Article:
What was it that sunk the titanic? Yes, it was an iceberg – but it wasn’t the image that you conjure in your mind of a mountain of ice bobbing above the water. That’s only 5% – what really sunk the great ship was the 95% that is not visible below the surface. How does this relate to business coaching or to you as a business owner?
Behaviour is only 5%
Let’s use the iceberg as a metaphor for you, as a business owner and as a leader of a business, and your identity. You should understand that what is visible, above the water, is just 5% of what determines your decisions as a business owner. This bit above the surface is your behaviours – how you conduct yourself in business, the parts that are visible to your team. So what is the 95% that’s under the surface of every business owner and entrepreneur?
Your Business Skills
What are the skills you excel at? Where do you need work? Do you really know what you’re looking at? The fact is, the things you are skilled at you end up doing more of. If you’re good at cooking, you will cook more. If you’re good with numbers, you’ll do more number crunching and finance work. If you’re good at interacting with people, you’ll do more client-facing work.
If you want to become a better business director, you need to understand your business in a holistic sense.
You need to consciously develop the skills that you’re NOT good at because you DO have to deal with all areas of your business. This is critical because your skill level will determine your actions and behaviour. If you don’t have the skills, you won’t do it – and your business will suffer.
Your Business Beliefs
The next level deeper is your belief system. This is an example I always give in my coaching sessions to help my clients understand what I’m getting at: When we are kids, our teachers and our parents will often tell us, “You’re good at English.” Or maybe it’s Maths, or Science, or Art. Whatever the subject, they encourage you with the best intentions.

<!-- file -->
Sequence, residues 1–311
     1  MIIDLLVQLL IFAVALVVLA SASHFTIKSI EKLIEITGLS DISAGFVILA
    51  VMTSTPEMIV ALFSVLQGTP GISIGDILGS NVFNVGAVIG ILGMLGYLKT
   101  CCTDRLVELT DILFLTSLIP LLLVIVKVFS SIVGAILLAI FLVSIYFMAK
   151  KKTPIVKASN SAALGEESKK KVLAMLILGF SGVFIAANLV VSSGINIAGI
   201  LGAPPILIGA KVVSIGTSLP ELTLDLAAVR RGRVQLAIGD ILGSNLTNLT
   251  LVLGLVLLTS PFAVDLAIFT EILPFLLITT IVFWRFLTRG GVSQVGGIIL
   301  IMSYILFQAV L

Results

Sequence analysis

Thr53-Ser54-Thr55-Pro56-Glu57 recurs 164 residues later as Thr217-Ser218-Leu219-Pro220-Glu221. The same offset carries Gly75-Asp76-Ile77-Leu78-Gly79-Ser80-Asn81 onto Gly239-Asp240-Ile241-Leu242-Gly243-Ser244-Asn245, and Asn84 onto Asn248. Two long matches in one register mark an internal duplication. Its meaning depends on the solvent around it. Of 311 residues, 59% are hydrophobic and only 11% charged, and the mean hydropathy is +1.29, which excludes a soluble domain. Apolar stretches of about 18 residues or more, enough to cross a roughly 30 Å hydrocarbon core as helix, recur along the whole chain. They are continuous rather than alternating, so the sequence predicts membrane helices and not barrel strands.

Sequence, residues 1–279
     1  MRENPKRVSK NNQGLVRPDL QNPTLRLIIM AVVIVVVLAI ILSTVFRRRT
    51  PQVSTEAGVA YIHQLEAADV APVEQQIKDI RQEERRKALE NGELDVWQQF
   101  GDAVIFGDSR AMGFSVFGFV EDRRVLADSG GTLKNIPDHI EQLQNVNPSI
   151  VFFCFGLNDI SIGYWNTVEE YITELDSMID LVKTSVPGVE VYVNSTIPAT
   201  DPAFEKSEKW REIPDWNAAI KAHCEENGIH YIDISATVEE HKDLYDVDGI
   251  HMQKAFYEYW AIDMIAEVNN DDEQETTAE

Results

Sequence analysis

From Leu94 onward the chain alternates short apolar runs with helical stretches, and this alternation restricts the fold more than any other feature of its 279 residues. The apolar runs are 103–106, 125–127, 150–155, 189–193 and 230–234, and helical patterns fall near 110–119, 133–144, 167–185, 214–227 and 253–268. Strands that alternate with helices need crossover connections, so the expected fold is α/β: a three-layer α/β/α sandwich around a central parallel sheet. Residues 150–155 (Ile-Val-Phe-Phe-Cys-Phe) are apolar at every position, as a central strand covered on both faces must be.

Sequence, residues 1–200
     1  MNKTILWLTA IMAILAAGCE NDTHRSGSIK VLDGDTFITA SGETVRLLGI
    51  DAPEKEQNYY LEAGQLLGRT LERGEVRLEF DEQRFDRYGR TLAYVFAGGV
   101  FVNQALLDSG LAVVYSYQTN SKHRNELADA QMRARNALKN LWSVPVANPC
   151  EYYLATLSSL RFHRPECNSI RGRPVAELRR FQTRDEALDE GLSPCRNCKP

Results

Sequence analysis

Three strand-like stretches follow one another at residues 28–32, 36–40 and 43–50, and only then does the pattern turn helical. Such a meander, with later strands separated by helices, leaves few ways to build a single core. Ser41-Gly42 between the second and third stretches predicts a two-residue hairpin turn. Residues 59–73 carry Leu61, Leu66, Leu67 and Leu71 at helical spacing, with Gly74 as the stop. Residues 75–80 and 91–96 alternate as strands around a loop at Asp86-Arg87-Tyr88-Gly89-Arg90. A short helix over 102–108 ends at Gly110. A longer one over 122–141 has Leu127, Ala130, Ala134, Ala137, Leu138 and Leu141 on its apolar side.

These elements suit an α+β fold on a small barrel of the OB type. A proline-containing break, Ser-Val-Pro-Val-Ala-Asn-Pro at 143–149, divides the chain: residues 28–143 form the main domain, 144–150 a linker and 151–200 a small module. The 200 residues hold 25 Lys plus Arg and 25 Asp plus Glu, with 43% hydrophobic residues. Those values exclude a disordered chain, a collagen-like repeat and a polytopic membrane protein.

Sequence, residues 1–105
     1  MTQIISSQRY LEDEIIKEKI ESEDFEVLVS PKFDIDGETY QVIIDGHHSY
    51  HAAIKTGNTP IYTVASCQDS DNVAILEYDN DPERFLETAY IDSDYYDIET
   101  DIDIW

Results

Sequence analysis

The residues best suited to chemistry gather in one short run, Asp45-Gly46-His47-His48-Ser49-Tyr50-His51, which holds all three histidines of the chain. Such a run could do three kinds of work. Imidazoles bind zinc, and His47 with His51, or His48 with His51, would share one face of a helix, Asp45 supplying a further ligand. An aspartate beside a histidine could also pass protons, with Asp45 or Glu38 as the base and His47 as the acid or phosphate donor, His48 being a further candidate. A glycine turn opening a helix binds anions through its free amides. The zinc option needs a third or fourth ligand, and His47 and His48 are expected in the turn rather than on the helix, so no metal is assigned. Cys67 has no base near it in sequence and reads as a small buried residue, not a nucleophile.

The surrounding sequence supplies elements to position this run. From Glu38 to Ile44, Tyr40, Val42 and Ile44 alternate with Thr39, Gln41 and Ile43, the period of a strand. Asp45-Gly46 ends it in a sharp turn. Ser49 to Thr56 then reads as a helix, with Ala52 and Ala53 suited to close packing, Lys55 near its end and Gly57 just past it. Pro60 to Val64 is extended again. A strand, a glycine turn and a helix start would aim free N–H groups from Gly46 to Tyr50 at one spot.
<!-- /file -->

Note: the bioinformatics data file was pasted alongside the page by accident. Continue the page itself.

However, what this does is set an anchor in your mind that formulates a belief and develops into an opinion, “Oh yes, I’m very good at English.” But it can also be flipped and become a negative anchor, “I’m not very good at numbers.”
Maybe those belief systems have worked for you, or maybe they have impeded you. Either way, they’ve created core beliefs that have fundamentally affected who you are.
What you need to do, as a business owner, is create the right sort of anchors for you to develop your business in the best way possible. You cannot go into business saying, “I don’t like numbers” because numbers are a critical part of every aspect of your business. Equally, you can rarely go into business saying, “I don’t like people,” because most businesses are designed to solve people’s problems – and if you cannot interact with people well, you will find it difficult to sell your solution to them. Not only that, but you will also have difficulty understanding how to work with your team.
Your Business Value System